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characterized for SDS resistance (by the companies) and was. #352, Alcorn State, MS ..... Delannay, X., T.T. Bauman, D.H. Beighley, et al. 1995. Yield evalua-. Myers, O., M. ... Landie, A.J., J.L. Griffin, P.R. Vidrine, and D.B. Reynolds. 1994.

SOYBEAN Roundup Ready Soybean: Glyphosate Effects on Fusarium solani Root Colonization and Sudden Death Syndrome Victor N. Njiti,* Oval Myers Jr., Daniel Schroeder, and David A. Lightfoot ABSTRACT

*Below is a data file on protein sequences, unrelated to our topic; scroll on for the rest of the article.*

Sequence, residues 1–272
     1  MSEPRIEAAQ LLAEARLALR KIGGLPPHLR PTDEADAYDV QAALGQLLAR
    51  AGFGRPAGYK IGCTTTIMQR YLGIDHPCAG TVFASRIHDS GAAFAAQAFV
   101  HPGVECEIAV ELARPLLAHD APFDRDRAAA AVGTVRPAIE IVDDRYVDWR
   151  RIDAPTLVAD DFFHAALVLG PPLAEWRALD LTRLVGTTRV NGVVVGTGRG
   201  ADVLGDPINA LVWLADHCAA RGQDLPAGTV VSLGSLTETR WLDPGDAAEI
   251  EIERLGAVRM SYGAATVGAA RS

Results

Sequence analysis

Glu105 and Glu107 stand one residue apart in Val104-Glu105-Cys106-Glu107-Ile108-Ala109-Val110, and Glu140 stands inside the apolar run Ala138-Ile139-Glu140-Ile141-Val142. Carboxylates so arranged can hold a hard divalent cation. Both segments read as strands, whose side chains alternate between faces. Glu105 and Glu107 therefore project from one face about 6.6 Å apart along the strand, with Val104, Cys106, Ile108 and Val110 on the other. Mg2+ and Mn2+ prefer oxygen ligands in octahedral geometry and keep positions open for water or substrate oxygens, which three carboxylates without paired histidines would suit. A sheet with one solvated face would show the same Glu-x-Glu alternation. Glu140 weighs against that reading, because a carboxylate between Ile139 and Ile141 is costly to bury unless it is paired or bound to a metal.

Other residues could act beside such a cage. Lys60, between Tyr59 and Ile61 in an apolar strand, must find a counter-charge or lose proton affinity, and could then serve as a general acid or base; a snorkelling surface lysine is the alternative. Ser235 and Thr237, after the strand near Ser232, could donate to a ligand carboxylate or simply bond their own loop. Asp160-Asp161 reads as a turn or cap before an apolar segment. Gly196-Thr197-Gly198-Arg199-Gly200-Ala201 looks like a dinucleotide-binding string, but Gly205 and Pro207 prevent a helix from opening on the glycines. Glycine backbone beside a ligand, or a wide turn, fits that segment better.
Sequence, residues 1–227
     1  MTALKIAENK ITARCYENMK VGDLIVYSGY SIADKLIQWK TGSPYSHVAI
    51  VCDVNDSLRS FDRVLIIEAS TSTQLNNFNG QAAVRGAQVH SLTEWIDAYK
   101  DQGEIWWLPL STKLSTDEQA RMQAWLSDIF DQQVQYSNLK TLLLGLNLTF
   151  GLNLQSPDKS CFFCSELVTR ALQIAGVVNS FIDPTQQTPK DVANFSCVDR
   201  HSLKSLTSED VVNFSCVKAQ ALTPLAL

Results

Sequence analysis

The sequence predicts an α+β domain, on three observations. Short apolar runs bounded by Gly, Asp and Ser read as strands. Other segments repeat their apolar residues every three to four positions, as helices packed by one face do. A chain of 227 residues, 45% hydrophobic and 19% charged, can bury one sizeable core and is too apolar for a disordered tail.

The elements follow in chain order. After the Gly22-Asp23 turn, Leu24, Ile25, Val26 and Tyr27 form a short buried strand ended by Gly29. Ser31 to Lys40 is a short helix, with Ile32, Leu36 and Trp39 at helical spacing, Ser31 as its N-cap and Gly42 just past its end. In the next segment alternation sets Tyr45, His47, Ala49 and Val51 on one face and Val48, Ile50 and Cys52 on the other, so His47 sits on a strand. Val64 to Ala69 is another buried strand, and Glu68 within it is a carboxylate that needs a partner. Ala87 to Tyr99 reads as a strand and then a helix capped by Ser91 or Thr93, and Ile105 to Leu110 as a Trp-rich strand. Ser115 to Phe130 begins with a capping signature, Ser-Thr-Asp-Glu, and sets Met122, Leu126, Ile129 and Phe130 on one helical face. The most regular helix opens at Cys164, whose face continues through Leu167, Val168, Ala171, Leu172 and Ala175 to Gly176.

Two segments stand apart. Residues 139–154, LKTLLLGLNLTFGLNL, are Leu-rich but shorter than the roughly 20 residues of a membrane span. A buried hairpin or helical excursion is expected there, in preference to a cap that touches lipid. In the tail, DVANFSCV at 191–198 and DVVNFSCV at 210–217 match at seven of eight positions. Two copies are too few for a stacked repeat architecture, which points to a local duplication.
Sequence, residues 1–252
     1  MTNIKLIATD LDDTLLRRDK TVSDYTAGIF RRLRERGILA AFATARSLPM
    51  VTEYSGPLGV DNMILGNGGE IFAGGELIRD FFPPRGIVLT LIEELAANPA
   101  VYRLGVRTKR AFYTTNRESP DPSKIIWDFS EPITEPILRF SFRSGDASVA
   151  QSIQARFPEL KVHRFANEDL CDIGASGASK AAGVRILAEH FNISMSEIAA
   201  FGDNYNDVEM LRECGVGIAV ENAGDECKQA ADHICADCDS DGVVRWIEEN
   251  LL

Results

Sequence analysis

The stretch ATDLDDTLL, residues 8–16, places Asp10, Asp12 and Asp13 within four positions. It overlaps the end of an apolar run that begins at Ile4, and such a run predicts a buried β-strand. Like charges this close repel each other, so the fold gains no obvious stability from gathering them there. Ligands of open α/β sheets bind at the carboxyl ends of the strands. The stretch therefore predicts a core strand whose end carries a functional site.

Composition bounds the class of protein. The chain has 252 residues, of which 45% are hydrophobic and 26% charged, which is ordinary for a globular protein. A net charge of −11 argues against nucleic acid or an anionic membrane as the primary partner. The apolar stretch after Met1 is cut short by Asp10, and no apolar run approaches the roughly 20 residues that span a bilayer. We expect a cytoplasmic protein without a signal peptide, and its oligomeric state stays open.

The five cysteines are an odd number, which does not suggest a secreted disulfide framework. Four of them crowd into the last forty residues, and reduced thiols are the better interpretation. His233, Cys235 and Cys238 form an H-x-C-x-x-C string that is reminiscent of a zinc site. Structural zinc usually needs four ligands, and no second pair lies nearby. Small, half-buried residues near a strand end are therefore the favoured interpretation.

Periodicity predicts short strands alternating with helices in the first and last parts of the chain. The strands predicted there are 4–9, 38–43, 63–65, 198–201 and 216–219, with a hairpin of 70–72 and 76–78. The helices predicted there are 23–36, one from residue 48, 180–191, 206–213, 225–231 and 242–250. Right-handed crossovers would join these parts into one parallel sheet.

markets and licenses glyphosate-resistant soybean under the trade name Roundup Ready (RR) soybean. During 1997, the first year of widespread use of RR soybean cultivars, environmental conditions were unusually wet and the southern Midwest had a severe epidemic of soybean sudden death syndrome (SDS) (Wrather et al., 2001). Soybean SDS is caused by the soil-borne fungus Fusarium solani (Mart.) Sacc f. sp. glycines (Fsg) (Roy et al., 1989; Rupe, 1989; Roy, 1997). Soybean SDS was identified more frequently on RR soybeans (Myers et al., 1999), suggesting that either RR soybeans were more susceptible to SDS, or that glyphosate application increased the severity of SDS. Sudden death syndrome significantly reduces soybean yield in midwestern USA and South America (Wrather et al., 1997; Roy et al., 1997; Njiti et al., 1998b). Management of SDS is mainly from the use of SDS-resistant cultivars (Gibson et al., 1994; Njiti et al., 1998a). Although SDS is identified by foliar symptoms, the causal agent Fsg (Roy et al., 1989) infects only the roots and crowns. The leaf scorch or SDS leaf symptoms are thought to be a result of a toxin or toxins produced in the root by the fungus and transported to the leaves (Jin et al., 1996). Although very few cultivars are resistant to root infection (Njiti et al., 1997), several have good resistance to leaf scorch (Gibson et al., 1994). Root resistance is measured as infection severity (% of root segments with Fsg colonization) or colony forming units per gram of dry root tissue (Njiti et al., 1997; Luo et al., 2000) whereas leaf resistance is measured using a disease index (Gibson et al., 1994). The objective of this study was to evaluate the effects of glyphosate on root colonization by Fsg and development of SDS on RR soybean. Results of this study will help soybean growers determine whether glyphosate application on RR soybean increases the risk of SDS problems in Fsg-infested fields.